In the first part of this post, we noted that the IRS uses a computer program that tries to detect the underreporting of income. The Automated Underreporter Program (AUR) seeks to identify discrepancies between the income you have reported on your tax return and income reflected in reports from third parties such as banks and employers.
Given the IRS’s limited resources, only about 1 in 5 of the returns with these discrepancies is reviewed by a human being. This means that in most cases a CP2000 Notice asking for more information is generated without a human signing off on it.
Receiving such a notice does not mean have been accused of willful tax evasion. But when are you at risk of a civil tax penalty for substantial or negligent underreporting?
We will discuss this question in the context of a recent report by the Treasury Inspector General for Tax Administration (TIGTA) on tax penalties for underreporting income.
The penalty for negligently underreporting your income is 20 percent. There is no exact percentage of underreporting that triggers this penalty.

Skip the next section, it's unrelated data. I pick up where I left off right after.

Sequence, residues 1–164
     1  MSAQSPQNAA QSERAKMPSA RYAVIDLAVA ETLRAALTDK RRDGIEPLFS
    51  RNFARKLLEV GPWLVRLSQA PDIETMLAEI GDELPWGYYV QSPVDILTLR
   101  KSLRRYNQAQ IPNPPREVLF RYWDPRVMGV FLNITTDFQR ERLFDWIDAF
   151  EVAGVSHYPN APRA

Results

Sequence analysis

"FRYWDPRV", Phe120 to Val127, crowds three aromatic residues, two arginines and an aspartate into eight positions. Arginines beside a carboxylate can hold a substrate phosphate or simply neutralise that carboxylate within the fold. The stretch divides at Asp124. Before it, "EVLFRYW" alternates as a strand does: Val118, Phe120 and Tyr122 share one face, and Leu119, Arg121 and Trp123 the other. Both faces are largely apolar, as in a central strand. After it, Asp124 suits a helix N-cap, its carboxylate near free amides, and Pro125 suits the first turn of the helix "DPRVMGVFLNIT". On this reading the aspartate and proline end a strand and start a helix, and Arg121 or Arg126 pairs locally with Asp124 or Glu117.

But there is such a threshold for “substantial” understatement of taxable income. If you underreported your income such that you understated your tax liability by 10 percent or more, the penalty is 20 percent.
TIGTA found that IRS auditors working in the AUR program were often quick to waive penalties for substantial understatement or for negligent understatement. TIGTA suggested that the IRS could be more assertive with these penalties.
In its response to TIGTA’s report, the IRS defended its policy of frequently waiving tax penalties for small accuracy-related errors.
To answer our original question, then, it is clear that a negligent or substantial underreporting of income puts you at risk of a tax penalty. But you may be able to avoid any penalty by showing the IRS you had reasonable cause for the error.